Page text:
If an extend-and-pretend deal is done it will be the third Greek ‘rescue’. Without debt relief it will also be the third to break the IMF rule, adopted after the Argentina failure in 2001, to avoid financing countries with unsustainable debts.
In early 2010 the debt/GDP ratio in Greece was predicted at 115% (it turned out to be 130%), the deficit in double digits and GDP sinking fast. The Fund rewrote its rule-book to get involved in the Troika despite the unwillingness of IMF staff to sign off on debt sustainability. See the account from the CIGI think-tank
The 2012 deal repeated the procedure, this time with haircuts of private creditors.
The Greek economy is again contracting, the budget headed back into serious deficit, the debt ratio headed for 180%. Even with low interest rates and long duration of official debts, no sustainability analysis is likely to look healthy. The bond market, to which Greece must return, agrees.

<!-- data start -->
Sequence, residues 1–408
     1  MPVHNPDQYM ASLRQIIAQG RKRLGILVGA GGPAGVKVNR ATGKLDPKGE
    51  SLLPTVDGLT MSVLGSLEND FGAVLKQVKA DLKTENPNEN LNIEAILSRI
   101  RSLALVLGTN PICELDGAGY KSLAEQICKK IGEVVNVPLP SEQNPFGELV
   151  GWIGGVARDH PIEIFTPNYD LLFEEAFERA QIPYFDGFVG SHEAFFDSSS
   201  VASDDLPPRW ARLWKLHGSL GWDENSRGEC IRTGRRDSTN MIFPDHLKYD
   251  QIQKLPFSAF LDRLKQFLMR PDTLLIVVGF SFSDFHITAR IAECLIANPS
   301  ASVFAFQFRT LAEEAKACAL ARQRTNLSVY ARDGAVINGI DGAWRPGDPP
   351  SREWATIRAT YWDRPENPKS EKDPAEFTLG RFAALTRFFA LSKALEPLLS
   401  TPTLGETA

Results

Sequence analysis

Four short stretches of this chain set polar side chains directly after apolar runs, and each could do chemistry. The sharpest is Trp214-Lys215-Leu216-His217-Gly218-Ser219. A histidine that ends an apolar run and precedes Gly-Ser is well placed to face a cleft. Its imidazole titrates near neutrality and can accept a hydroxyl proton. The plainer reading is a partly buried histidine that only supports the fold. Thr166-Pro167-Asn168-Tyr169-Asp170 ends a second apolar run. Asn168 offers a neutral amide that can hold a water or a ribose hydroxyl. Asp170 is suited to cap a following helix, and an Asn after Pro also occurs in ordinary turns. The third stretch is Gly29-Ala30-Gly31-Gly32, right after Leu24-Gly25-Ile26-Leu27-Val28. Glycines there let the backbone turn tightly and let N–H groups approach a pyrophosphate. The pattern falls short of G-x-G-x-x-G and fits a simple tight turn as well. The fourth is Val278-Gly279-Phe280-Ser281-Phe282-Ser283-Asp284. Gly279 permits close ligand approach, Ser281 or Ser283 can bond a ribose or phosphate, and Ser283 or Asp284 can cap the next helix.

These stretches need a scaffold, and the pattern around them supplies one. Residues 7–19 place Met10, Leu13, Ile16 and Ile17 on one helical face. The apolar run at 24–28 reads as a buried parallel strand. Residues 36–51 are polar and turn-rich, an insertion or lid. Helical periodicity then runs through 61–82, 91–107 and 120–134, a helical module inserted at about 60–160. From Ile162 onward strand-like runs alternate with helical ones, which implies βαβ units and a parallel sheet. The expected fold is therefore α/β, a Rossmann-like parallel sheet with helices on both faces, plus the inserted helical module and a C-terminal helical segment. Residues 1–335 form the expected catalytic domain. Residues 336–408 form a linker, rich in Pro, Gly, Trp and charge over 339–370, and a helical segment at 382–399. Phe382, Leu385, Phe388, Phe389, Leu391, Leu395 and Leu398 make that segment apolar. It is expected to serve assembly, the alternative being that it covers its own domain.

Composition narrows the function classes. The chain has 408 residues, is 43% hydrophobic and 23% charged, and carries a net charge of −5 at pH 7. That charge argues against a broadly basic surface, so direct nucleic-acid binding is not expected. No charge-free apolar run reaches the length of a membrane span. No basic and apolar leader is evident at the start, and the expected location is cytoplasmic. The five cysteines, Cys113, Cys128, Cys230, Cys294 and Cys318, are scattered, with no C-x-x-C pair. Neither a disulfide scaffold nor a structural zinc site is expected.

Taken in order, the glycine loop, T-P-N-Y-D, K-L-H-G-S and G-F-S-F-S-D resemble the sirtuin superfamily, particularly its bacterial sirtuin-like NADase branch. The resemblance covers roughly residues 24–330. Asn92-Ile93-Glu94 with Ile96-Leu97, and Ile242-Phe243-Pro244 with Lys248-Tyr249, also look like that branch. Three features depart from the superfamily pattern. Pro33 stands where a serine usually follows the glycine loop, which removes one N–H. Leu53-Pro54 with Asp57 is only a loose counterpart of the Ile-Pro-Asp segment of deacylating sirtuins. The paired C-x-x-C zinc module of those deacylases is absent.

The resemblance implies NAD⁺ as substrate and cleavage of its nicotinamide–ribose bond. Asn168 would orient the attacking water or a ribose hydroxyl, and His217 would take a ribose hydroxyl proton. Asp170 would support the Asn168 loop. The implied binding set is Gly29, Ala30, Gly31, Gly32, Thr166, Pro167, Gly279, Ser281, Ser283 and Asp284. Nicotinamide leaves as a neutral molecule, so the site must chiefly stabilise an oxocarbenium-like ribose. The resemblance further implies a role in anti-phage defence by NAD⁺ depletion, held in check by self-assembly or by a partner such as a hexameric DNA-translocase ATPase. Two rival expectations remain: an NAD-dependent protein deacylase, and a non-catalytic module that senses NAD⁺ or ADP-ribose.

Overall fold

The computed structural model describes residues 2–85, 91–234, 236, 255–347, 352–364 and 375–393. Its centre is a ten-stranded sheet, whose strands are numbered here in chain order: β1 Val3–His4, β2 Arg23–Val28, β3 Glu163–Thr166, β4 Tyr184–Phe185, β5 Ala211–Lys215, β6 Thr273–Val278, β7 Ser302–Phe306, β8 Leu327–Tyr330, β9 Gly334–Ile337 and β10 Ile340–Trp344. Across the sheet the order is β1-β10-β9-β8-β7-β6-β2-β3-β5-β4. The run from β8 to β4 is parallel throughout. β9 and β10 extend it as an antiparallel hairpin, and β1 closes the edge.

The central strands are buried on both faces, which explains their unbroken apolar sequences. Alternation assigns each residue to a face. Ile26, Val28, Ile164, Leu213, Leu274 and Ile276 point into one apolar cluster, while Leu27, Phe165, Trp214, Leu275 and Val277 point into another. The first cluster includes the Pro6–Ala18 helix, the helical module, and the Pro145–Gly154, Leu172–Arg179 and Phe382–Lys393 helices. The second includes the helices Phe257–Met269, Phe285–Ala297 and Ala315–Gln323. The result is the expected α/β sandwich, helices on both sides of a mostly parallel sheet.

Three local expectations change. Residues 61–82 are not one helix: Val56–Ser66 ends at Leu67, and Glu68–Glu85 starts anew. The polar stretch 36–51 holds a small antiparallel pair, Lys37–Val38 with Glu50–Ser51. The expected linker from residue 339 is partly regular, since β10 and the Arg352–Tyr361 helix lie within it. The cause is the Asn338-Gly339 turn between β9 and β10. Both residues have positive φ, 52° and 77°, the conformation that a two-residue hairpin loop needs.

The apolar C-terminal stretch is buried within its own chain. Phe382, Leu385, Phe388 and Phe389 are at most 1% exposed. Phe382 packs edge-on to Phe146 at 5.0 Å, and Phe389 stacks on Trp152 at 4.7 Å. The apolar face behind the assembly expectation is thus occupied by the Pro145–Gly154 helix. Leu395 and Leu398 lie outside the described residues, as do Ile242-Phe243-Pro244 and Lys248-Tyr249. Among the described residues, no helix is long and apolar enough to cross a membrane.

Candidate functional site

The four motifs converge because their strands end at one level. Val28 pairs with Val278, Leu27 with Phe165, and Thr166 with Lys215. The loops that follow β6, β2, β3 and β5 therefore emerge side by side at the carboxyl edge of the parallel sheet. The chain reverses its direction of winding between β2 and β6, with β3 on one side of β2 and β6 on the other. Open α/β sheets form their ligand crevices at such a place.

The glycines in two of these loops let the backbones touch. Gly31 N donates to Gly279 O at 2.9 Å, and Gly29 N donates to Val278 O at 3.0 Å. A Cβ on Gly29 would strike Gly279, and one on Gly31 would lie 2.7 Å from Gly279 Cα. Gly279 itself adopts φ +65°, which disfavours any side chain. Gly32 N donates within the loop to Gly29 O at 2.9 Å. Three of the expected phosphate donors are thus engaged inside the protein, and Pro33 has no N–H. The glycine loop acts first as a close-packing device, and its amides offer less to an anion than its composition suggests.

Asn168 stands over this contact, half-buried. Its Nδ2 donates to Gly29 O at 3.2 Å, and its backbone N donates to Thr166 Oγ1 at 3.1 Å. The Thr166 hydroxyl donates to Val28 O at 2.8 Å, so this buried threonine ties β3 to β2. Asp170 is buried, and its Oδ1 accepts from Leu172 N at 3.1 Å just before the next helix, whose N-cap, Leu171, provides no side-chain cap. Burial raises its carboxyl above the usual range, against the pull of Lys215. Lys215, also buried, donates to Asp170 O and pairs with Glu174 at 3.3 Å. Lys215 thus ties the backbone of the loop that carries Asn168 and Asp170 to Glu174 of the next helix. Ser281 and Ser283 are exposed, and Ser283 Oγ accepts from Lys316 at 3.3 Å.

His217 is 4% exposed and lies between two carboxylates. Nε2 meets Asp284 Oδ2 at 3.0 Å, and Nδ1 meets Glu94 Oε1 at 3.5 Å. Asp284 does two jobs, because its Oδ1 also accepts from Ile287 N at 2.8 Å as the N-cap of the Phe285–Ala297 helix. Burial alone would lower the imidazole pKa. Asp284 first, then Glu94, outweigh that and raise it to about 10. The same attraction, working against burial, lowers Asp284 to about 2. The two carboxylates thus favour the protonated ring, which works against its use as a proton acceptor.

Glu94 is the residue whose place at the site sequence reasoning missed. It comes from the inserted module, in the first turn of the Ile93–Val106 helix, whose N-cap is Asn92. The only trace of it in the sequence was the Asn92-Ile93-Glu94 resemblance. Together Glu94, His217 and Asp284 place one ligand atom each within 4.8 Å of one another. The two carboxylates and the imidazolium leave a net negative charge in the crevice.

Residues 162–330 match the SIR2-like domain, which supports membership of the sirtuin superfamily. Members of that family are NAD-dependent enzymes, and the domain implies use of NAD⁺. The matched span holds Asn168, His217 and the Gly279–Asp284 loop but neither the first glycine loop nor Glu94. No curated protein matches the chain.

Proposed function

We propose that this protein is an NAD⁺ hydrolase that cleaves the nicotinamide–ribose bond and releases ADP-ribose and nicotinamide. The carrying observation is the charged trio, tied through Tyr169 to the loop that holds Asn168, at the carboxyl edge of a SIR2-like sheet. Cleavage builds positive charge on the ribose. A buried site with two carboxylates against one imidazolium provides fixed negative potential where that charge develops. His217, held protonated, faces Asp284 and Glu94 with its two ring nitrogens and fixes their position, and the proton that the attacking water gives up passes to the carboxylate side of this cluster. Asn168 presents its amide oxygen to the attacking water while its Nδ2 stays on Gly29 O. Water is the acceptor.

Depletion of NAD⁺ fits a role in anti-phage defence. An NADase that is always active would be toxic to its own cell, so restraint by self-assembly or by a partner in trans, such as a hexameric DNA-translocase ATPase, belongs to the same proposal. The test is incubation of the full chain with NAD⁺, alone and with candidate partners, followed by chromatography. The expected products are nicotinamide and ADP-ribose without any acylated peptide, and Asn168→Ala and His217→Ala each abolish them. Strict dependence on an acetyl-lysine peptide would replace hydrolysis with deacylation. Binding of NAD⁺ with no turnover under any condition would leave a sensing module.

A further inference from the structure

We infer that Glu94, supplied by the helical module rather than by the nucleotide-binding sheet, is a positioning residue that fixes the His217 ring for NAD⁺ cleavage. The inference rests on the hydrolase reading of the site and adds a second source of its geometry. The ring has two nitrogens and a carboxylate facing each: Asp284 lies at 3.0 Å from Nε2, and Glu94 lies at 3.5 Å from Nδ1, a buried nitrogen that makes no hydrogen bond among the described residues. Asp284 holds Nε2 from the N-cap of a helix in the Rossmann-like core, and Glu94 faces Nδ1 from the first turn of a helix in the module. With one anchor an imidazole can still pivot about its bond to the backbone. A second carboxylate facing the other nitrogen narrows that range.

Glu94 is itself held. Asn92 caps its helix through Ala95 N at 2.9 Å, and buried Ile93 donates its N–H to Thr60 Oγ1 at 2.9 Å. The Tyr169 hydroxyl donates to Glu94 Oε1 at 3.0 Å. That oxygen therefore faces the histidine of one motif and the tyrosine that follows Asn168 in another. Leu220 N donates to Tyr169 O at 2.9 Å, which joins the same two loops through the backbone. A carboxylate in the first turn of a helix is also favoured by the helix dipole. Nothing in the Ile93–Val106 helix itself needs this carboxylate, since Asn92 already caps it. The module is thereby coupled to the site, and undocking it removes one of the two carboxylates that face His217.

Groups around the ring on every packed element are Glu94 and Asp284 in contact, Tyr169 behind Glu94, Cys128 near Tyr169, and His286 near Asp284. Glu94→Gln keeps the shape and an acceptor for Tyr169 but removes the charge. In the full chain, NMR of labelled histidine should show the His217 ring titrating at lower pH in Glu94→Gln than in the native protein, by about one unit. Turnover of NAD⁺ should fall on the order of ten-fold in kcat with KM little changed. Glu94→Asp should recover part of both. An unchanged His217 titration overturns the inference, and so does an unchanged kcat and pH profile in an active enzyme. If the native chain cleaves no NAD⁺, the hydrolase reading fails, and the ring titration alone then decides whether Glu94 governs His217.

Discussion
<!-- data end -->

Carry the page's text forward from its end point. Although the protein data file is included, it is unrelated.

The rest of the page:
The IMF cannot credibly repeat the routine of 2010 and 2012 – it does have non-European members after all, and its exposure to Europe is already unacceptable to them. Lagarde, as French Finance minister, opposed Greek debt restructuring in 2010 but there is no guarantee that the IMF board will participate again without haircuts, this time for its European ex-partners. The week could see no deal with Grexit, or Trexit, the end of the Troika.